Tomasiewicz HC, Jacobs MM, Wilkinson MB, Wilson SP, Nestler EJ, Hurd YL. Proenkephalin mediates the enduring effects of adolescent cannabis exposure associated with adult opiate vulnerability. Biological psychiatry 2012 Nov; 72(10).

DiNieri JA, Wang X, Szutorisz H, Spano SM, Kaur J, Casaccia P, Dow-Edwards D, Hurd YL. Maternal cannabis use alters ventral striatal dopamine D2 gene regulation in the offspring. Biological psychiatry 2011 Oct; 70(8).

Okvist A, Fagergren P, Whittard J, Garcia-Osta A, Drakenberg K, Horvath MC, Schmidt CJ, Keller E, Bannon MJ, Hurd YL. Dysregulated postsynaptic density and endocytic zone in the amygdala of human heroin and cocaine abusers. Biological psychiatry 2011 Feb; 69(3).

Ren Y, Whittard J, Higuera-Matas A, Morris CV, Hurd YL. Cannabidiol, a nonpsychotropic component of cannabis, inhibits cue-induced heroin seeking and normalizes discrete mesolimbic neuronal disturbances. The Journal of neuroscience : the official journal of the Society for Neuroscience 2009 Nov; 29(47).

Industry Relationships

Physicians and scientists on the faculty of the Icahn School of Medicine at Mount Sinai often interact with pharmaceutical, device and biotechnology companies to improve patient care, develop new therapies and achieve scientific breakthroughs. In order to promote an ethical and transparent environment for conducting research, providing clinical care and teaching, Mount Sinai requires that salaried faculty inform the School of their relationships with such companies.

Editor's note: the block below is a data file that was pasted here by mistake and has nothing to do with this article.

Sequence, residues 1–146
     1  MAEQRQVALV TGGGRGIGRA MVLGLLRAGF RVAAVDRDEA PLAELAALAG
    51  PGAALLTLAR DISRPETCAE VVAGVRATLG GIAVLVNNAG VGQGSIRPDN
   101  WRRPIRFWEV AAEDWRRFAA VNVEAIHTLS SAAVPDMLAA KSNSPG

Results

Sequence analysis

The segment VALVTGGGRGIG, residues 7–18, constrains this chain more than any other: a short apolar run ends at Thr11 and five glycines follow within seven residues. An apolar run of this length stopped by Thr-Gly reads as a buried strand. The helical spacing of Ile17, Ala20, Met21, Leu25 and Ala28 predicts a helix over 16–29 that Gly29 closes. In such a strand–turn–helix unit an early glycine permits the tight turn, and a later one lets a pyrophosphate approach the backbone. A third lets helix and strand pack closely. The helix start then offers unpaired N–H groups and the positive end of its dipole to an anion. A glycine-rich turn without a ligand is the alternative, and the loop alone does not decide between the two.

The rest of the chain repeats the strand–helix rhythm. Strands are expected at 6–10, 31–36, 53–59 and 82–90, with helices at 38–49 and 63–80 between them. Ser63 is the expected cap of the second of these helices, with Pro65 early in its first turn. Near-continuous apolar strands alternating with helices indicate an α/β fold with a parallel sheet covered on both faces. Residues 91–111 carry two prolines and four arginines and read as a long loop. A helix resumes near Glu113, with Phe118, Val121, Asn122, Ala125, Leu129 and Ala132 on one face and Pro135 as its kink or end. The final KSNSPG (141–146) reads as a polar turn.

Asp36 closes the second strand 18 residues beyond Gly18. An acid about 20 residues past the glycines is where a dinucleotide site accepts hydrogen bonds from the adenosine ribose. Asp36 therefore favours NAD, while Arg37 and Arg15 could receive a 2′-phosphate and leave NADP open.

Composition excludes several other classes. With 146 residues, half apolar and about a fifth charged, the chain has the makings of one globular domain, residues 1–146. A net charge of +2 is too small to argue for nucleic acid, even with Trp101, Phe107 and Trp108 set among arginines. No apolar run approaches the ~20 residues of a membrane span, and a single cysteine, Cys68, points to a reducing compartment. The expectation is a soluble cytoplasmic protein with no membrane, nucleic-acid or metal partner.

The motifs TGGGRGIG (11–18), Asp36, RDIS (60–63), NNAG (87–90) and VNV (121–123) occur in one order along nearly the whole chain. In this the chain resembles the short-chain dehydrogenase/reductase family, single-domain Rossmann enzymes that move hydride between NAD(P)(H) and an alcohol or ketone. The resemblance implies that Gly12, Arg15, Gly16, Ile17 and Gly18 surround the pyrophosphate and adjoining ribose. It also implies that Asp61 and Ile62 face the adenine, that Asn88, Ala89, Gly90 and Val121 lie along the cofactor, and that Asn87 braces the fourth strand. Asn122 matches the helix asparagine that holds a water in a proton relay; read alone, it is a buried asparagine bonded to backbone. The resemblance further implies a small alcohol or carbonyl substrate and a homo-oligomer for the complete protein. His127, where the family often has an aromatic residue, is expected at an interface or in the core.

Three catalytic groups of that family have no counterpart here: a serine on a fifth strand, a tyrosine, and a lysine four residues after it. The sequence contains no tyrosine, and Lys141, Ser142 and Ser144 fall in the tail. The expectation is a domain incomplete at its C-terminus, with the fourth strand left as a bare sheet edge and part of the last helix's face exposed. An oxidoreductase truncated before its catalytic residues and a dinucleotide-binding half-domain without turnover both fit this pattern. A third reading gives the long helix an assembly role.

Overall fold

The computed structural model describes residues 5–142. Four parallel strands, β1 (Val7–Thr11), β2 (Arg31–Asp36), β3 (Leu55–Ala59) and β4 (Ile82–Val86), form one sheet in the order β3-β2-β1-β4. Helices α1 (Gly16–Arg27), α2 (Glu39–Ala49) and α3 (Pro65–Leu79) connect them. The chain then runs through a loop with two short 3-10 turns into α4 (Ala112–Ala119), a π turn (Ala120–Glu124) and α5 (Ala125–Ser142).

Dr. Hurd did not report having any of the following types of financial relationships with industry during 2013 and/or 2014: consulting, scientific advisory board, industry-sponsored lectures, service on Board of Directors, participation on industry-sponsored committees, equity ownership valued at greater than 5% of a publicly traded company or any value in a privately held company. Please note that this information may differ from information posted on corporate sites due to timing or classification differences.

Mount Sinai's faculty policies relating to faculty collaboration with industry are posted on our website at Patients may wish to ask their physician about the activities they perform for companies.

Edit profile in Sinai Central


Hess CSM Building Floor 10 Room 105 Office
1470 Madison Avenue
New York, NY 10029

Tel: 212-824-9314
Fax: 646-537-9598


Hess CSM Building Floor 10 Room 201 Laboratory
1470 Madison Avenue
New York, NY 10029

Tel: 212-241-9975